Reactive vs. proactive IT support

by | Mar 6, 2021 | Business

There are two general types of  IT support providers: reactive and proactive. So, what’s the difference?

Reactive: The client calls the reactive IT provider (often referred to as a “break-fix” provider) when they perceive a need, usually when something is broken or when there is a change in the business (i.e. a new computer is added to the network for a new hire). The client is ultimately responsible for the network performance. These IT providers typically charge a variable rate and therefore, make more money when there is more work to do.

Managed Proactive: The Managed Service Provider (MSP) leads the relationship and generally determines what service the client needs. The MSP is ultimately responsible for the network performance. These IT providers normally charge a fixed monthly price and, therefore, have the incentive to reduce the amount of problems and reactive work required over the long run.

Smart Dolphins started as a “break-fix” provider and has evolved into a MSP.

What determines which model is best for a particular business?  Of course, it depends on the business.

Start by deciding from a high level, what kind of relationship is more valuable to the business?

A reactive service provider is very simply a provider of IT support and is generally available when there is a perceived need by the business owner/manager. This leaves the business responsible for leading their own IT needs. Given the general lack of expertise, the intangible nature of the impact of their IT and the natural cost aversion of business owners, the business often starves themselves of optimizing technical investment. This often leads to excessive insidious costs or even more obvious, disastrous results.

An MSP ultimately offers a strategic business relationship. MSPs provide short and long-term IT planning and consulting. On the surface, most MSPs will appear to be more expensive than a “break fix” provider, but if they are doing their job properly, they are going to be doing more to reduce the risk and the waste that necessarily exists in the reactive model.

The easiest way to look at this is to ask what it would truly cost a company if they had to go a day without their IT infrastructure. If you consider the cost of payroll and the opportunity costs of downtime and compare that to the added costs of an MSP, does it make sense? There are other factors that need to be considered as well, like network security and employee retention (employee retention will suffer if you’re always battling IT problems), for example.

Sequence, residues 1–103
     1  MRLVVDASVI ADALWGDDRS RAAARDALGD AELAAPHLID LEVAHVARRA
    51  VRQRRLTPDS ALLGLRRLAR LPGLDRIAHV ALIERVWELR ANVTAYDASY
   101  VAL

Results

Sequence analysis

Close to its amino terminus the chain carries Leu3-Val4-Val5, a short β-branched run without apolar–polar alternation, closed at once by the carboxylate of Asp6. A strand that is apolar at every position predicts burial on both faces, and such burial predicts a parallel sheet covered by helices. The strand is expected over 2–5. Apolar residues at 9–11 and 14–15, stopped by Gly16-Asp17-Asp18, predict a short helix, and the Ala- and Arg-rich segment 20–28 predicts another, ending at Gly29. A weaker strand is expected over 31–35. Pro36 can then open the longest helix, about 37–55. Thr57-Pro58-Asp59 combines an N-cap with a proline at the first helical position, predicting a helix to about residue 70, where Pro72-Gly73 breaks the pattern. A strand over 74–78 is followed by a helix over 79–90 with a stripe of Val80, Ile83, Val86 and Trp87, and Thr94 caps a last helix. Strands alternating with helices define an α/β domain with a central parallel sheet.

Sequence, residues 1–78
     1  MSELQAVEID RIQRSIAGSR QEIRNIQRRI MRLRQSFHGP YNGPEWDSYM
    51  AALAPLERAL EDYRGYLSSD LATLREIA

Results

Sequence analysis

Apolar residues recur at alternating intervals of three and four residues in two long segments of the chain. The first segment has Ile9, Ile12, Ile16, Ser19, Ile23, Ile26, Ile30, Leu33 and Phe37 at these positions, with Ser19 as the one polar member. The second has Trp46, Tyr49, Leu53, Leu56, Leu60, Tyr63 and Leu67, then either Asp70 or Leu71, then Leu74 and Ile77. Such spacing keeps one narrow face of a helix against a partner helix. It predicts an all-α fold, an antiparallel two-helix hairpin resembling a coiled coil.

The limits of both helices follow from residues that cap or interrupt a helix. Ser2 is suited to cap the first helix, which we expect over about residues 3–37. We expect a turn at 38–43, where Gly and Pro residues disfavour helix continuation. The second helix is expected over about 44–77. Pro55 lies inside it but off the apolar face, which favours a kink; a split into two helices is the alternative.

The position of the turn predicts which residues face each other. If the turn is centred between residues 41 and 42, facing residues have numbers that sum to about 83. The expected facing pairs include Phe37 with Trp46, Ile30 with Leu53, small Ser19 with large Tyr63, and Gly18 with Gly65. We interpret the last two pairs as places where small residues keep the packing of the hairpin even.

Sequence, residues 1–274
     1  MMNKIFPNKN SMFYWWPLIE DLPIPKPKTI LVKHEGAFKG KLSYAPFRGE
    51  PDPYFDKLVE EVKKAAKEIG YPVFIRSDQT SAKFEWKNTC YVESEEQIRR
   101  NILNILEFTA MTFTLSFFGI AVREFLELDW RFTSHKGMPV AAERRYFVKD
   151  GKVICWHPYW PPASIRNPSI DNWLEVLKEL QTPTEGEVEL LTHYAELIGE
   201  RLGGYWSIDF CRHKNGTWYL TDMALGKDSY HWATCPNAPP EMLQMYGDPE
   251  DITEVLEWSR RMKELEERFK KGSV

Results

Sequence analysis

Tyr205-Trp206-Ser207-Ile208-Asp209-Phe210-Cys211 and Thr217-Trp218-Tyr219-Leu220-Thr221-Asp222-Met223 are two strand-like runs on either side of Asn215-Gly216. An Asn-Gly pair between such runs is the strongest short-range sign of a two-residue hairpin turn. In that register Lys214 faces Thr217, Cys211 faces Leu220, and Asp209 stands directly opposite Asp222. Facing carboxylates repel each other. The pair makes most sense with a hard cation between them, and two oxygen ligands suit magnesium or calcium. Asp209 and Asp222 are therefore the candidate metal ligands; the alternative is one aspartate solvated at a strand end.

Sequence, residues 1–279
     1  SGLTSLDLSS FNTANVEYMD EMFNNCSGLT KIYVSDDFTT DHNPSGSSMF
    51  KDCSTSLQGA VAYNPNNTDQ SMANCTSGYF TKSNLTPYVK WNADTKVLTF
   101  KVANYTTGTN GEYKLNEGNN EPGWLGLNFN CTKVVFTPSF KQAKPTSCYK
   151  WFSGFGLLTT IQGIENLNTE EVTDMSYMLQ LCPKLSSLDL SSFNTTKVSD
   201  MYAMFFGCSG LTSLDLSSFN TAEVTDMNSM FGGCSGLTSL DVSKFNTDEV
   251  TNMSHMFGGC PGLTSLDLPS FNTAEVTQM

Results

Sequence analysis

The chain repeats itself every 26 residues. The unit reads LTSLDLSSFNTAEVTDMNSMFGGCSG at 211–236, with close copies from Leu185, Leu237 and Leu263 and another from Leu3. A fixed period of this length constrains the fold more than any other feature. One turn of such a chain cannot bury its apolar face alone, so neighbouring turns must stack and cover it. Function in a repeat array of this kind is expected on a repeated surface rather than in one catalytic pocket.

So, if the business is a small business and the company’s operations do not rely heavily on the computer network, a reactive offering might be the most cost effective model. A good example of this might be a small retail shop (assuming the point of sale system is not run on the computer network). However, if a business has a strong dependency on their computer network, then they will very likely save on their overall IT-related costs by using a Managed Service Provider. Professional service firms, such as lawyers, engineers and accountants are excellent examples of these types of businesses. It could potentially cost a law firm thousands of dollars per hour if their network were to become unavailable and so the added value of the Managed Service Provider will do a lot to reduce that risk and other similar costs.

Related to all this, it is important to consider the incentives of the two different models. A reactive service provider has very little incentive to invest in technology or process that will reduce problems for their clients (beyond the point of their clients’ satisfaction) as it will be reducing revenue – a negative ROI. A MSP, on the other hand, has enormous incentives to invest in proactive technology, for example. If automation were to reduce problems by 10% across their client base and perhaps save the need to hire additional techs, there could possibly be tremendous ROI in those investments. They can reduce their own costs and not impact their own revenue.

At the end of the day, a company’s IT provider needs to be a trusted relationship and that is at the heart of the MSP. Often a business just wants someone that they can trust to take care of their IT so that the people in the business can focus on what they do best. Responsibility for the IT network is the core difference between a reactive service provider and a MSP.

If your business is ready to upgrade your IT, give us a call.